Most of us try to avoid the hospital. But if you need a hospital, make sure and do the following:
1. Pick a High-volume Hospital and Doctor
Studies have shown that patients fare better when they’re treated at hospitals and by doctors that care for many patients with a similar illness or condition.
2. Ward Off Nasty Bugs
According to the Centers for Disease Control and Prevention, 2 million U.S. patients acquire an infection in the hospital each year. One effective way to guard against this threat is to insist that every hospital staff member washes his/her hands with soap or alcohol gel before examining you. Wash your own hands often as well. This may be the single most effective way to prevent in-hospital infections.
3. Ask (lots of) Questions
Make sure you understand what medications and treatments you will be receiving, and ask your doctor to explain them if you don’t. If you need surgery or another serious procedure, it’s also important to know what will happen, how long it will take, and what to expect during your recovery period.
4. Know Who’s in Charge
Find out the names of your attending nurses and the doctor in charge of your care. Obtain a phone or pager number of the doctor who will track your progress inside and outside the hospital.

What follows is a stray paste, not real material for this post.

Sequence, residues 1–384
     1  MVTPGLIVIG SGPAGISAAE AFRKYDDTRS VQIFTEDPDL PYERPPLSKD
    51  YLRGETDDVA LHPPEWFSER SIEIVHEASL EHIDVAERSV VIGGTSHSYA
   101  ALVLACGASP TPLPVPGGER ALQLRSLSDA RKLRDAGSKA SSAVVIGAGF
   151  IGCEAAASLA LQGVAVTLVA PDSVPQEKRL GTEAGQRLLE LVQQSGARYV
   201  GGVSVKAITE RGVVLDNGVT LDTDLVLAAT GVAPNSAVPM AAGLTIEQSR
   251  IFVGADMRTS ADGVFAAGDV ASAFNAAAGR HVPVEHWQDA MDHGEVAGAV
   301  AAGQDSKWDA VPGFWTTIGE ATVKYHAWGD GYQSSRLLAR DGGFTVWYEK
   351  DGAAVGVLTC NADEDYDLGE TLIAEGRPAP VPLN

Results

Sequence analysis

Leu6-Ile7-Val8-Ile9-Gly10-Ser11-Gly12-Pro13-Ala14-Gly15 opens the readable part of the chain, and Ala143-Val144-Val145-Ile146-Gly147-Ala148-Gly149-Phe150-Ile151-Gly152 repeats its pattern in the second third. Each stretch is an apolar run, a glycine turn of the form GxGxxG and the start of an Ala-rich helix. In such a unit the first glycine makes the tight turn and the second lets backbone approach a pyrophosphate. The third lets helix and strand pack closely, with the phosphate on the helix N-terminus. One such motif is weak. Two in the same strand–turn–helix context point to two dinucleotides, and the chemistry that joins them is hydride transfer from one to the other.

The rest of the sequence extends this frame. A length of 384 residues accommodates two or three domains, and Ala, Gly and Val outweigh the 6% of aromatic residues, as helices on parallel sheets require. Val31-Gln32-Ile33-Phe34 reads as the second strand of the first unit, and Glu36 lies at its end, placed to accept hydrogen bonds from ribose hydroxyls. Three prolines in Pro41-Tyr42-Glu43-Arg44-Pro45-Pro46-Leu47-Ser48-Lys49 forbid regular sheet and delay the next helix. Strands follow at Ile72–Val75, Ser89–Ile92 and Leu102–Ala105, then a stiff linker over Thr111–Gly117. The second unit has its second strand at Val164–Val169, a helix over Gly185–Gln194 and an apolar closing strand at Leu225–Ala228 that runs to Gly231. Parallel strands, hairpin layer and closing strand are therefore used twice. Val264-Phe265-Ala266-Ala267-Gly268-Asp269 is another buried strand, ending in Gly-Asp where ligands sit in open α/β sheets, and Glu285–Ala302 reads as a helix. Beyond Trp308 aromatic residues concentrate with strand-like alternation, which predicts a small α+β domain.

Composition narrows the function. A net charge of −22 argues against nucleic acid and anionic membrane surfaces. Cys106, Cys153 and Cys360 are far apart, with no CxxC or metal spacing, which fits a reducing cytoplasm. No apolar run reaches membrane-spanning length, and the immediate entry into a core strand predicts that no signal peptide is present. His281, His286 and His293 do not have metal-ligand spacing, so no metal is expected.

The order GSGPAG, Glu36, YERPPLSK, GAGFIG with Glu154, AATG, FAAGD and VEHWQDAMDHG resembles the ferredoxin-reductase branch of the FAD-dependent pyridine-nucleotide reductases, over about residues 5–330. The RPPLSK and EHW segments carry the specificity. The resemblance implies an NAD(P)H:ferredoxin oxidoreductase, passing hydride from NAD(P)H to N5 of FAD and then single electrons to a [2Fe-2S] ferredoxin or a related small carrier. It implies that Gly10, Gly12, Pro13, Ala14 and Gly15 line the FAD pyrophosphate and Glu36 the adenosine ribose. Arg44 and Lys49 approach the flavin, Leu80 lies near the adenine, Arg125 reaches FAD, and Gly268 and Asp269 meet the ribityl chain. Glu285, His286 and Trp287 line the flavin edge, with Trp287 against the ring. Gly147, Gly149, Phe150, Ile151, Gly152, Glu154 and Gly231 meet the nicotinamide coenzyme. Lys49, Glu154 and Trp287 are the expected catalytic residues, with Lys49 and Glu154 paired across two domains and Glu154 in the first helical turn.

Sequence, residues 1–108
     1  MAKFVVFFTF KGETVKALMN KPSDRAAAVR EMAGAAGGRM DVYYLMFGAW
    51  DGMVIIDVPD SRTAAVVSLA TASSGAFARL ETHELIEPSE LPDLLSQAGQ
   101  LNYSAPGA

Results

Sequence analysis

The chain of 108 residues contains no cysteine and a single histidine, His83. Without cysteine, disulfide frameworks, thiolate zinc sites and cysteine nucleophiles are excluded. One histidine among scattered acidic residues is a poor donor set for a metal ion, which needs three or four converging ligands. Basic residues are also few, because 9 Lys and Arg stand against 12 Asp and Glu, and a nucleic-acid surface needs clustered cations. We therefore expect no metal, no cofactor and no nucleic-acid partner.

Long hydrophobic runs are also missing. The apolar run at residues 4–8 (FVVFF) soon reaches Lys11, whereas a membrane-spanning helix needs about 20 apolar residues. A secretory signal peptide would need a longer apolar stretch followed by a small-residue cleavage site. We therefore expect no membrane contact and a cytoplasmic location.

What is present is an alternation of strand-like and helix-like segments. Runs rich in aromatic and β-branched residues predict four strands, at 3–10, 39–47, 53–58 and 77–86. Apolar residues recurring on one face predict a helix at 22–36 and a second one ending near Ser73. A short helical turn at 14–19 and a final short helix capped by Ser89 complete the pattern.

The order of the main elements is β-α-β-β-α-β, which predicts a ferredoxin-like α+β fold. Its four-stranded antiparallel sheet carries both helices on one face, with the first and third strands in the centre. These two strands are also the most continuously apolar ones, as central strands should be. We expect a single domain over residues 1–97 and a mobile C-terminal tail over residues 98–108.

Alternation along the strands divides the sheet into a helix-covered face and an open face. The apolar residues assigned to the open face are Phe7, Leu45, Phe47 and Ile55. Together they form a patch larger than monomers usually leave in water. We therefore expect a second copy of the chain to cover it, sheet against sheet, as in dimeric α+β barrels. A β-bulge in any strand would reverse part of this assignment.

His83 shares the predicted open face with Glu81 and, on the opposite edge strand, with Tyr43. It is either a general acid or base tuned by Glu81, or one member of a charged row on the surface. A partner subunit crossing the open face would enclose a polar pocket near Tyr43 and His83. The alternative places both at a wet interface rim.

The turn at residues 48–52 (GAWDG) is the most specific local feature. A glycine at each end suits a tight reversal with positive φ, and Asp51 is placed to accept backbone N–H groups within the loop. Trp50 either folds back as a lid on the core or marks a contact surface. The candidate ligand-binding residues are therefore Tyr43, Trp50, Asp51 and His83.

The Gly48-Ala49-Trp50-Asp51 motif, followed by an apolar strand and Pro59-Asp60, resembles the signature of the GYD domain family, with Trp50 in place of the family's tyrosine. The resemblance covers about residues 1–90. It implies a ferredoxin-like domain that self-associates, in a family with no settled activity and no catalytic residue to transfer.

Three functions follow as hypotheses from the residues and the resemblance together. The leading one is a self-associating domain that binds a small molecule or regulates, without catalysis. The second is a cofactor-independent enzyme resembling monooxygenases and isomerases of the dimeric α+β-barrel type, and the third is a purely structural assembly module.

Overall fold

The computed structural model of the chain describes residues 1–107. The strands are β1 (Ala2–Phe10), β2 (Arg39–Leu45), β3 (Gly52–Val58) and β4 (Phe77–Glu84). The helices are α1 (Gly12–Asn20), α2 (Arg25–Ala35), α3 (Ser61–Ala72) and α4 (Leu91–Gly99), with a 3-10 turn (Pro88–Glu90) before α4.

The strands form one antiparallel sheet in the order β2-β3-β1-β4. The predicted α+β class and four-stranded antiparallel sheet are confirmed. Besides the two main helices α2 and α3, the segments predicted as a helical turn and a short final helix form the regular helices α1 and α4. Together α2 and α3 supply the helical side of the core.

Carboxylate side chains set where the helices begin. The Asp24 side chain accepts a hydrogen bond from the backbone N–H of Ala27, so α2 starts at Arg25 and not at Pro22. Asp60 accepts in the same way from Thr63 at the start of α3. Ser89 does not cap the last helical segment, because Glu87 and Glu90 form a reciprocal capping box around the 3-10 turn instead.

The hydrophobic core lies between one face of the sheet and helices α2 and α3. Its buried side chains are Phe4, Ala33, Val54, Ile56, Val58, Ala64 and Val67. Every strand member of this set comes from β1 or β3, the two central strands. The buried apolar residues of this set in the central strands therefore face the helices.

5. Disclose All Medications
The Institute of Medicine estimates that two out of every 100 patients admitted to a hospital experience a preventable adverse drug event. Keep a list of medications you are taking, including over-the-counter remedies and herbal supplements, and show it to every one of your doctors.
6. Avoid Surgical Site Errors
Ask your surgeon to state and mark the site of your surgery before you go under the knife. Taking this simple step may help prevent a surgery location mix-up.
7. Focus on Getting Home
Hospitals can be dangerous places. That last thing you want to do is spend more time than you need to in a building where antibiotic-resistant germs and other infectious bugs proliferate. Focus your energy on getting home as early and safely as possible. Upon discharge, ask your doctor to clearly explain the treatment plan for the rest of your recovery.
8. Bring an Advocate
Ask a family member or friend to serve as a second set of eyes and ears, to ask questions of clinical staff, and to double-check your medications and other treatments with doctors and nurses. You can also hire a caretaker to make sure you are comfortable. Go to www.professionalcaretakers.com to find an advocate for your hospital stay.